He makes a good case for doing so, allowing America to more nimbly deal with problems. However, the checks and balances that hobble America’s ability to respond quickly and decisively to problems also to some degree counter the efforts of some ambitious people to wield power that they should not rightfully wield.

When making changes to our government, we must be careful to leave no unsecured back doors to power in order to ensure that no one enters via a quasi Trojan Horse.

Posted by breezinthru | Report as abusive

Many of the comments don’t seem to have any understanding of budget processes. Budgets are approved on a yearly basis. Not minute by minute. There are such things as Department heads and allocations based on projected needs.

They also don’t seem to appreciate that all input is not going to be waited equally if there is ever such a thing as “open source” government. The comments want the perfect bobble head elected official with no projected plans and no carry over costs who has to bow to very whim or comment. The basic priorities of governments do not change that rapidly.

BTW – It is possible now to access online the entire US military budget for Fiscal 2010 and the 2011. I found it by accident looking for something else. It is possible to read the Congressional record. One could spend as much time reading the documents as any congressional staffers. The military budgets have already been approved but it seems possible to leave line-by-line comments. But unless one is well acquainted with some very obscure issues listed, the comments from the man in the street are not likely to be very relevant. Isn’t it likely that any feedback is matched to acceptable email addresses?

Are people commenting really considering that open source government would become the twitter equivalent of everyman a senator or rep? It wouldn’t be a government worth spiting on. Otherwise, what really is the difference between so called open source government and visiting the blog or You tube site of one’s congressmen of senator? Does it offer anything more?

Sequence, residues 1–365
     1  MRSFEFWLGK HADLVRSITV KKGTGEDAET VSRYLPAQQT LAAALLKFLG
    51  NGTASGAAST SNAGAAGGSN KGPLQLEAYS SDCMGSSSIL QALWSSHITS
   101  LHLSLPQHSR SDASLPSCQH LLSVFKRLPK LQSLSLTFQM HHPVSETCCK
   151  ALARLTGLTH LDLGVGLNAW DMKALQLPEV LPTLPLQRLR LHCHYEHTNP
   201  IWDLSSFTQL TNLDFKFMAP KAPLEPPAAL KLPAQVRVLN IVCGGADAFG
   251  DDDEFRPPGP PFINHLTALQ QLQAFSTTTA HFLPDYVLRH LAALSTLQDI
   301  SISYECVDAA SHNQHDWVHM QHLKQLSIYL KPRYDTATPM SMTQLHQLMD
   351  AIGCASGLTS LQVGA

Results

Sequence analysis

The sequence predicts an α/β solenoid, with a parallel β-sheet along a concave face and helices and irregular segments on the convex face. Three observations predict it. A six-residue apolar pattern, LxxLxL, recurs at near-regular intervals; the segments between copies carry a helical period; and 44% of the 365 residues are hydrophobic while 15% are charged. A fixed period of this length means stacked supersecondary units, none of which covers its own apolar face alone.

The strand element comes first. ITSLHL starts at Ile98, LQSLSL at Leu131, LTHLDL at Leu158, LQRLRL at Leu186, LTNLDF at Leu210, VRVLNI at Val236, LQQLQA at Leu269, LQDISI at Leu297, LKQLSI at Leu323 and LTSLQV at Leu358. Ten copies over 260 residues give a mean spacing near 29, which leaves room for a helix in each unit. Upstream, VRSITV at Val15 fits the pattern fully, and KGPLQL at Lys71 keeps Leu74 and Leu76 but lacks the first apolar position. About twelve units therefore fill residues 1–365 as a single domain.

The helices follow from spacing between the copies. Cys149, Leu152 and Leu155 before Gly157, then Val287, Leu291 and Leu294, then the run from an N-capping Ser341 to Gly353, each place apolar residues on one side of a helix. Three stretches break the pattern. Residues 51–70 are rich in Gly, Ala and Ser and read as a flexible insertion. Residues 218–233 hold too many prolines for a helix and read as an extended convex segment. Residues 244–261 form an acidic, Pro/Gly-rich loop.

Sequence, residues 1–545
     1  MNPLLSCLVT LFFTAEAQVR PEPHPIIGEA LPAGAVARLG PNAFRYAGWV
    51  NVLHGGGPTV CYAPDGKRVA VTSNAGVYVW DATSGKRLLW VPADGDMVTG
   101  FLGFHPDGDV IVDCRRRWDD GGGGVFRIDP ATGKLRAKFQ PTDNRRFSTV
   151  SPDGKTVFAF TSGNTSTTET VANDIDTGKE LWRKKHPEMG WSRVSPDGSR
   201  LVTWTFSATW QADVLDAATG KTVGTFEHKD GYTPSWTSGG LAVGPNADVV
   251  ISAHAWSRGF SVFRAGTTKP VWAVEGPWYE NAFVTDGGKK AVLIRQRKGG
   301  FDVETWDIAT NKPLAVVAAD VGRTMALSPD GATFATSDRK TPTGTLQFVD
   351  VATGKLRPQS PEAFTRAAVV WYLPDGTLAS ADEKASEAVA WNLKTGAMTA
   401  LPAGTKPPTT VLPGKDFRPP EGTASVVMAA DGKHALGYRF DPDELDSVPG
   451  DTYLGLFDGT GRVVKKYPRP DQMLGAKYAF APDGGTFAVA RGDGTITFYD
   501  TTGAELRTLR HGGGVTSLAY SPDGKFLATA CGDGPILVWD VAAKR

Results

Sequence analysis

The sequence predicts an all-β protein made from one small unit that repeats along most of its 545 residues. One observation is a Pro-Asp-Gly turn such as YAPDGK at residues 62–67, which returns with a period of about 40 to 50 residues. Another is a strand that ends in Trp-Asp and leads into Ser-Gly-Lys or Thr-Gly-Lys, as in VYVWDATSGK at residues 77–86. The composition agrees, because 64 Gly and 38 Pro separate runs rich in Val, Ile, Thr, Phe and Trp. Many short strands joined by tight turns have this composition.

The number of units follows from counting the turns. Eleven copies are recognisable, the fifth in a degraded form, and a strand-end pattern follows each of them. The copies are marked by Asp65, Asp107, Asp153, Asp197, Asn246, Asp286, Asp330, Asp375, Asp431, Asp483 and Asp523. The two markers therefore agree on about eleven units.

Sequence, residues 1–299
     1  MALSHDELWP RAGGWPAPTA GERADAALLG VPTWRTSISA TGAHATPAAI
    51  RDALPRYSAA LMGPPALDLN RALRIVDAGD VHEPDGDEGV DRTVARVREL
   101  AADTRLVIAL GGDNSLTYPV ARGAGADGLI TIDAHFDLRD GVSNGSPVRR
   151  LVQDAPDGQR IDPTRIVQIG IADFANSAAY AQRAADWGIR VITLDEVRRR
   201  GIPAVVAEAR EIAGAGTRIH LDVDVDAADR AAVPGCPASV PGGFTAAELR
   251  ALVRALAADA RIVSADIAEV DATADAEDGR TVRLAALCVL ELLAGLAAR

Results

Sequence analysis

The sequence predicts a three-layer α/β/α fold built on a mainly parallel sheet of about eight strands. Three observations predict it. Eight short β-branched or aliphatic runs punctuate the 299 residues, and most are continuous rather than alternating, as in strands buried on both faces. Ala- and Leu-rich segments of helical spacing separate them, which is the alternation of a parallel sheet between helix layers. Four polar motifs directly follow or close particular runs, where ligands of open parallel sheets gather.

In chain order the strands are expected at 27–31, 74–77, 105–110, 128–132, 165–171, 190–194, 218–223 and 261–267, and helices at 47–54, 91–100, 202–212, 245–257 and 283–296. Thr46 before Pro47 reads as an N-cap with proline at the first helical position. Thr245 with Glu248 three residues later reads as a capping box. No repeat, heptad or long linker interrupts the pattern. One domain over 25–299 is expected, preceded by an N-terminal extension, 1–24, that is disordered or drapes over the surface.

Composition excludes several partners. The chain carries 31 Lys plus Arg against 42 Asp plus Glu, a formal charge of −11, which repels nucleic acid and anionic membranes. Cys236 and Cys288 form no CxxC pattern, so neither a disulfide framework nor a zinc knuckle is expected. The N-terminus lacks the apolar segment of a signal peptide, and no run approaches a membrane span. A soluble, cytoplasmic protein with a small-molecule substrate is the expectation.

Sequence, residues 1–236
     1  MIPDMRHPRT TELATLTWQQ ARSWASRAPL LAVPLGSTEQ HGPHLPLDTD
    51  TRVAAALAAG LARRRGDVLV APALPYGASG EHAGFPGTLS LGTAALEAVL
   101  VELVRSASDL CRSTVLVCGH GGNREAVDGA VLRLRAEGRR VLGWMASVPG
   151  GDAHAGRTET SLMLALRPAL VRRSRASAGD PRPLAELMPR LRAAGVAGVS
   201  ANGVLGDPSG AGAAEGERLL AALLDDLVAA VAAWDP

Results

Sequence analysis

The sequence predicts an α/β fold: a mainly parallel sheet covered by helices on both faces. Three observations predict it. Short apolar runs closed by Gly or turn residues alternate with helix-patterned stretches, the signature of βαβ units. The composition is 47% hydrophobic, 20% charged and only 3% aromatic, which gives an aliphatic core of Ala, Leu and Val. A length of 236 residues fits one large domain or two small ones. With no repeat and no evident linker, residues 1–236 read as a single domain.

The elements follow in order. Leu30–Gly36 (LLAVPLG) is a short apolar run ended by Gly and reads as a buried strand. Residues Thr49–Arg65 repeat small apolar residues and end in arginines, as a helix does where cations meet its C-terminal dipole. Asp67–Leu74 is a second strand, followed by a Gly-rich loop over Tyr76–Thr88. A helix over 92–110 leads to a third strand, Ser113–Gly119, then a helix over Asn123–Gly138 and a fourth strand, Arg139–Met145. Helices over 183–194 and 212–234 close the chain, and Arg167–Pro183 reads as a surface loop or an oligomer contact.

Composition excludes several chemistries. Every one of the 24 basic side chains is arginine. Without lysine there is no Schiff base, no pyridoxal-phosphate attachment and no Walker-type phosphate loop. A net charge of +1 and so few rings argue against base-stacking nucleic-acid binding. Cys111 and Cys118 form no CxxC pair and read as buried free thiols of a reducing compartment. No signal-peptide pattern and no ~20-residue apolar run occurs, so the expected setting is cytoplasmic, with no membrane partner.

If the choice is between an imaginary government that is instantly reactive to some all seeing citizenry that is somehow purer than Caesers’s wife and behaves like a perpetual unerring eye of a beneficent God, or a government that is sold to the highest bidder, the government sold to the highest bidder has many historical precedents. You can be sure it will be the one that rules and the electronic feedback option will be available for the gullible and socially concerned as a public relations palliative.

The mayor of Calgary may only be staging a very deceptive campaign designed to make it look like he has grassroots issues in mind and most certainly his budget was not based entirely on voter participation. Can any of the voters ever really point to the blades they planted?
Obama hasn’t been all the different on substantive issues than his predecessor. The Iraqi Government determined the withdrawal date as part of their constitution.

Posted by paintcan | Report as abusive

In my opinion, after working in the government for eight years, the issue is and always will be Efficiency. Every department that I worked in was run like a kindergarten. Always a popularity contest, always a social hierarchy and never up-to-date training. Decision making was always slow, and material appropriations always corrupt. It cost more for a ream of copy paper than a whole case of paper down at Office Depot. Someone in another department once told me that out of every dollar of welfare about 50 cents was spent on handing out that dollar. I believe it. The plan should be not spending less, but spending smarter; not working harder, but working smarter. Think that will ever happen?

Posted by nieldevi | Report as abusive

The first thing that came to mind while reading this, was that someone’s trying to make an argument for the Efficient Markets Hypothesis.

At the crux of the EMH, is the belief that less regulation and more data will allow markets to self-correct easily and rapidly…that the price of any asset is its true mark of risk. Likewise, it seems that the argument proffered is that the more data government releases, the more private individuals and groups will process the data and make society as a whole more efficient.

I have serious doubts of the outcome, and it’s quite simple: data is easily rearranged for political bias.

Once in the hands of most people, the data will be rearranged, sliced and diced to provide false conclusions that fit one’s own political agenda. We know this will occur, by simply observing the political bias in all things, whether global warming, federal budgets, capital punishment or something as simple as fluoridation of water.

Posted by GRRR | Report as abusive